The humble playground plays a vital role in the childhood memories of so many people. Whether it was a trip with your parents before you started your school days or a special reward on the way home from school, there is something about a playground that enthrals and invites. For the last few months, children all over the world have had to go without their trips to the park as the majority have been closed during the pandemic. Now, however, as some of the restrictions are being lifted, a trip to the park is possible once more.
The playground is, in fact, a relatively new addition to our urban landscape and one that has become increasingly popular over the decades since the first one was built. While some toys and games have gone out of fashion, the playground has become more and more popular. as it ever was and is a great place for children to enjoy being outdoors while getting plenty of fresh air. The benefits of what outdoor playgrounds bring to communities are common knowledge. The fantastic value of these playgrounds is now understood for both physical and mental health.
The first playground
The concept of the playground was first considered in Germany, where it was the idea of development psychologists like Friedrich Frobel, who recommended playgrounds for children as a developmental aid and also to help teach them good manners and a sense of fair play. The first playgrounds were mostly attached to schools and often referred to as “sand gardens”. In 1859 the very first purpose-built playground that was accessible to the public opened in a park in Manchester. The first playgrounds began to appear in the United States in 1886; however, until the turn of the 20th century, playgrounds in public spaces were not common.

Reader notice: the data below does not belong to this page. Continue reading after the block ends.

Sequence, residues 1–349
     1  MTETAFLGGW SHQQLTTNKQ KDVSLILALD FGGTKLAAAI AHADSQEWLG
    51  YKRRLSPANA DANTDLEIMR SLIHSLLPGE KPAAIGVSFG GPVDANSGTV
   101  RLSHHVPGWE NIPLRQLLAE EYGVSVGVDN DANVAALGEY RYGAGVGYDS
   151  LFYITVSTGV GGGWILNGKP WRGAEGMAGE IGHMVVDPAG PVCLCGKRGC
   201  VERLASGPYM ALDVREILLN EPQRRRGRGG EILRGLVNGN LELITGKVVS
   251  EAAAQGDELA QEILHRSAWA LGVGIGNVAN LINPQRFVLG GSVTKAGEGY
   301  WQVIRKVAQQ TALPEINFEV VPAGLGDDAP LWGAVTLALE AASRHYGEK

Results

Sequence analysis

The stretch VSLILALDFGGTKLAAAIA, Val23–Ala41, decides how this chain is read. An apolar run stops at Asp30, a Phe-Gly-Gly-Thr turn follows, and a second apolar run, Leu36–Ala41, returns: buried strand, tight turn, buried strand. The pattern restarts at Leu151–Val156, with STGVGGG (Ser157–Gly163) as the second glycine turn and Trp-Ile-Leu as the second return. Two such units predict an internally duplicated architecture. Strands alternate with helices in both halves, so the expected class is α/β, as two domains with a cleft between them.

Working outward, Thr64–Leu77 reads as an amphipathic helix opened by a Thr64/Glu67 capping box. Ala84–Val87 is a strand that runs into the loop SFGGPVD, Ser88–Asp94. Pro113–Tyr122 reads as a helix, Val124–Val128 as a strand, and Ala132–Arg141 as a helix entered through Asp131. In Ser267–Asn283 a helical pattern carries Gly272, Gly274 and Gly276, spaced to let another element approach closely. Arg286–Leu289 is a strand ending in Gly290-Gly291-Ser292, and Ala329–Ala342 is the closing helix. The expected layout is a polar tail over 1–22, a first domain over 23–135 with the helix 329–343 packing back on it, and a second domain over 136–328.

What came next?
The first playgrounds were not all that popular, but as urbanisation began to take place, the areas where children might previously have played got swallowed up and the need for dedicated public green spaces, not just for children but for everyone, increased. The Victorian era saw a huge surge in the number of public parks all over the country and with them an increase in the number of playgrounds. Health and Safety was non-existent at this time, and the playgrounds that were created were certainly not for the fainthearted. However, they were the start of bigger and better things that were to come.
Post War playgrounds
During the war, many of the playgrounds, located as they were in larger cities, were bombed out and a generation of children once again had to make their own entertainment. This often led to the somewhat dangerous practice of playing on the rubble left behind on the bombed out buildings of the city. These sites were commonly referred to as “junk playgrounds”. These sights in turn evolved into the very first “adventure playgrounds” which are still up and running today in many urban environments throughout the UK.